Director: Joseph Gordon-Levitt
Cast: Joseph Gordon-Levitt, Scarlett Johansson, Julianne Moore
Length: 90 minutes
Looking at the established visionaries Joseph Gordon-Levitt has worked with over the years; it’s not hard to deduce how the actor might’ve been bitten by the filmmaking bug. With key roles in pictures helmed by Steven Spielberg and Christopher Nolan, the former 3rd Rock from the Sun moppet must’ve picked up a few tricks for his directorial own debut Don Jon. The tale of a hunky New Jersey bred lothario with a pornographic addiction; Don Jon is a clinical and amusing Hollywood comedy, albeit one that’s aim possibly outstrips its means. The feature trundles along entertaining and provides sprightly performances from a committed cast, but Levitt seems to lose focus in the dying throws. Don Jon meanders toward its climax sans the confidence of its earlier portions.
Jon (Joseph Gordon-Levitt) is a weight pumpin’ bartender, with a proclivity toward routine and the seduction of the fairer gender. Every weekend Don hits the town alongside his buddies and ends up with a fresh, voluptuous conquest on his arm, and more importantly in his bed. However, despite his carnal success Don has a secret – he finds Internet smut far more gratifying than the actual act of sex. Indulging a regular masturbatory cycle amid his daily practises, Don’s world is shaken when he meets the gorgeous Barbara (Scarlett Johansson), a city gal who doesn’t immediately fall prey to his charms. Don begins to court Barbara in a more traditional manner, slowly winning her affections – but when she uncovers his self-pleasuring habit their relationship comes under substantial strain.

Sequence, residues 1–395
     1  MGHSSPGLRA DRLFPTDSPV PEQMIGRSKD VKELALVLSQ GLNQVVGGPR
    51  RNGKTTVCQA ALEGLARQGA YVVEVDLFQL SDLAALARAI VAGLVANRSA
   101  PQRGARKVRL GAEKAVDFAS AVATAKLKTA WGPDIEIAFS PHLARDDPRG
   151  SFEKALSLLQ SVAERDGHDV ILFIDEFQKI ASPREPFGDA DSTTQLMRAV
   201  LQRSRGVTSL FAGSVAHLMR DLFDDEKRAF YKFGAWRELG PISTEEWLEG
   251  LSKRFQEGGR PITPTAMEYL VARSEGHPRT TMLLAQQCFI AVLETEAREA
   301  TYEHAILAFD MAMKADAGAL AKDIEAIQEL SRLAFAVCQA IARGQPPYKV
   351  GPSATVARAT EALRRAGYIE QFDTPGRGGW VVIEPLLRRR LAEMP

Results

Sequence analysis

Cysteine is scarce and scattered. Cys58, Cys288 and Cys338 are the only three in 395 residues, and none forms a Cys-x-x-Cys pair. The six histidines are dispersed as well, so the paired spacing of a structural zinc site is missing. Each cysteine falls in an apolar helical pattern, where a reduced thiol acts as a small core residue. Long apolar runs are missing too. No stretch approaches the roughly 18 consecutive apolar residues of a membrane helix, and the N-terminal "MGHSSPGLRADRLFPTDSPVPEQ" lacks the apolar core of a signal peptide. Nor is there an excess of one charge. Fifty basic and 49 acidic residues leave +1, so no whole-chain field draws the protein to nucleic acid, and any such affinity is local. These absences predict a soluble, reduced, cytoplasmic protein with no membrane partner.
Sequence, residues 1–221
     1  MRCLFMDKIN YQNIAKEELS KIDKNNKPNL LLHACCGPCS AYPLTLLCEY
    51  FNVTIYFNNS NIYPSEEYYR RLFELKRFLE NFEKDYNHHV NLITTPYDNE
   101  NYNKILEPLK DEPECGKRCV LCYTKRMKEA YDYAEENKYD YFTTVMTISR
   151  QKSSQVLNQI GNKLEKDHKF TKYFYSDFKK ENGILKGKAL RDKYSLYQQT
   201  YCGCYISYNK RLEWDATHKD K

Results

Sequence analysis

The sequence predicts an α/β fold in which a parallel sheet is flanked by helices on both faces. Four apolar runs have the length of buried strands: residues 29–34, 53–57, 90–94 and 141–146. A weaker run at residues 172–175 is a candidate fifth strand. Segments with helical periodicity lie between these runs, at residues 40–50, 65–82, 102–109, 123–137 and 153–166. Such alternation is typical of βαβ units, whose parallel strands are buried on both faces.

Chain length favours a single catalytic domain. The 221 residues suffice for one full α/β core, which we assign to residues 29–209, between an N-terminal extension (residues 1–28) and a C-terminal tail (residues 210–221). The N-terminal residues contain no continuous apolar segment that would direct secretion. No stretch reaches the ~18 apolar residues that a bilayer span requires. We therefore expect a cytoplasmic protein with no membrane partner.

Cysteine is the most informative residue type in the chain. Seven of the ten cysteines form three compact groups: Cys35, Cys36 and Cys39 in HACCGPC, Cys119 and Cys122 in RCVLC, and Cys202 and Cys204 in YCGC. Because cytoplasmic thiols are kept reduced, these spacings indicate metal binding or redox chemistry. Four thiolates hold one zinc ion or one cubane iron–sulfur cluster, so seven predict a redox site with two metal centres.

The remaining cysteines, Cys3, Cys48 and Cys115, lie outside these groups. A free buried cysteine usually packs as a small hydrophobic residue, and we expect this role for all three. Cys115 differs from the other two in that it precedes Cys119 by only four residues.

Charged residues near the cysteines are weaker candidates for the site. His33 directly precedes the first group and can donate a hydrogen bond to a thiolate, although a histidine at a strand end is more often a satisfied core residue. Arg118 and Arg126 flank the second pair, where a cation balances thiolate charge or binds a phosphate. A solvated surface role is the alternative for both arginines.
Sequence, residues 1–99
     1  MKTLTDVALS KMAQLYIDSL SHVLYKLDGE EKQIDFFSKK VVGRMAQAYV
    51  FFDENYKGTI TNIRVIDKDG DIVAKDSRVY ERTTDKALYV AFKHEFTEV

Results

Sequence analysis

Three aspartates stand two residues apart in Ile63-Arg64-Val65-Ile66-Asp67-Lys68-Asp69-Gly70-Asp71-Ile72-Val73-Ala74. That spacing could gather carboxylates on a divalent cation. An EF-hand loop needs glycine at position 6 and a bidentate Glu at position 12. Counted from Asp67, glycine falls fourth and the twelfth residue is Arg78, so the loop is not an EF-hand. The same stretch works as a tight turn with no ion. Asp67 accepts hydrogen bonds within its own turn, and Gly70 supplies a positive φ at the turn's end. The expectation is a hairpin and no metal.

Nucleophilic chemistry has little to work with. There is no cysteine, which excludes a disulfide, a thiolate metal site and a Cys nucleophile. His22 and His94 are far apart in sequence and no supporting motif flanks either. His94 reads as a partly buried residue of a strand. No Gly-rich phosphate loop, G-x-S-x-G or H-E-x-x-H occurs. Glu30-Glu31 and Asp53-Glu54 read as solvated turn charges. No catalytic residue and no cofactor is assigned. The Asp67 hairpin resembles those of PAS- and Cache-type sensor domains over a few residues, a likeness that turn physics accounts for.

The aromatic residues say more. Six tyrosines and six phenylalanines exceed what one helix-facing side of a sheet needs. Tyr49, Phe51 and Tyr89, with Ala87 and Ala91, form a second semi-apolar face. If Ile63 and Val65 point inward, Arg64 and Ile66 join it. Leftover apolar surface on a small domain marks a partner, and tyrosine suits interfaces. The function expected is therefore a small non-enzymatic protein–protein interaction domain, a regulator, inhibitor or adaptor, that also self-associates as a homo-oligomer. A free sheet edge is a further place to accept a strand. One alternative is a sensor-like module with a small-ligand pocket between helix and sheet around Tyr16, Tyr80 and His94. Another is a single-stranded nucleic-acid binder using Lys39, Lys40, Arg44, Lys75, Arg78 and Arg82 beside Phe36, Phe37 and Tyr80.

Don Jon is a clinical and amusing Hollywood comedy, albeit one that’s aim possibly outstrips its means
Don Jon is filled with strong ideas and for the first hour Gordon-Levitt toys with each one successfully. He draws accurate faux parallels between mainstream Hollywood product and porn. The extremely vain strain of acceptable machismo that infects 21st century society is succinctly detailed. He essays the uneasy relationship between the modern male psyche and traditional values of Christianity; painting a world so secular that sin can be measured and abolished satisfactorily with arbitrarily ascribed degrees of penance. The problem with Don Jon isn’t in the exploration or observation of these themes, it’s in the sketchy and rudimentary style of the film’s dramatic aesthetic. Gordon-Levitt only manages to cultivate surface-level relationships here, whether it’s between Jon and ideal squeeze Barbara, his insecure mother (gamely portrayed by Glenne Headly) or a bond that builds between him and night-class cohort Esther (Julianne Moore). All of these arcs are fashioned acceptably into a traditional narrative, but they’re never pulled apart as fully as one might expect. Don Jon is fun cinema, but it’s not tangibly soulful.
The gags are of a high quality (some might prove shamefully relatable for the male contingent) and at 90 minutes the movie doesn’t overstay its welcome. It helps to have supporting players like Johansson and Moore on dependable form alongside Levitt’s admittedly excellent title turn, but ultimately it’s not enough to provide the piece with the finesse it crucially lacks. Ambition is not the movie’s issue, but rather the wrapping of its theories and conceits into a radical or visibly challenging storytelling entity. Don Jon is concretely better than most Hollywood rom-coms and boasts a far edgier sensibility (prudish mothers aren’t acceptable viewing partners for this film), but I can’t help ponder if something emotionally rawer might’ve better sealed the deal. From a dramatic standpoint Don Jon is a mirror of the pornography it so bravely boasts; enticing in the moment but hardly memorable.